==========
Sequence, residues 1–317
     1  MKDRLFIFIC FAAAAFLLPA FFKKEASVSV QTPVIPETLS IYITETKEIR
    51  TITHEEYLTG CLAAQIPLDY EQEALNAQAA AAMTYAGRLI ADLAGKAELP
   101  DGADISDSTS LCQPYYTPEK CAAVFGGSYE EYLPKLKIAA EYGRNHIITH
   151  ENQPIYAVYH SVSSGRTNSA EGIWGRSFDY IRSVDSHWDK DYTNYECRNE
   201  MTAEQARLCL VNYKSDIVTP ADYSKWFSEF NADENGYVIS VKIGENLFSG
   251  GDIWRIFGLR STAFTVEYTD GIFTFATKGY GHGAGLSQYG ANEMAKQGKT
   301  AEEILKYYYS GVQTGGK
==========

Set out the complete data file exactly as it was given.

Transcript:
Sequence, residues 1–317
     1  MKDRLFIFIC FAAAAFLLPA FFKKEASVSV QTPVIPETLS IYITETKEIR
    51  TITHEEYLTG CLAAQIPLDY EQEALNAQAA AAMTYAGRLI ADLAGKAELP
   101  DGADISDSTS LCQPYYTPEK CAAVFGGSYE EYLPKLKIAA EYGRNHIITH
   151  ENQPIYAVYH SVSSGRTNSA EGIWGRSFDY IRSVDSHWDK DYTNYECRNE
   201  MTAEQARLCL VNYKSDIVTP ADYSKWFSEF NADENGYVIS VKIGENLFSG
   251  GDIWRIFGLR STAFTVEYTD GIFTFATKGY GHGAGLSQYG ANEMAKQGKT
   301  AEEILKYYYS GVQTGGK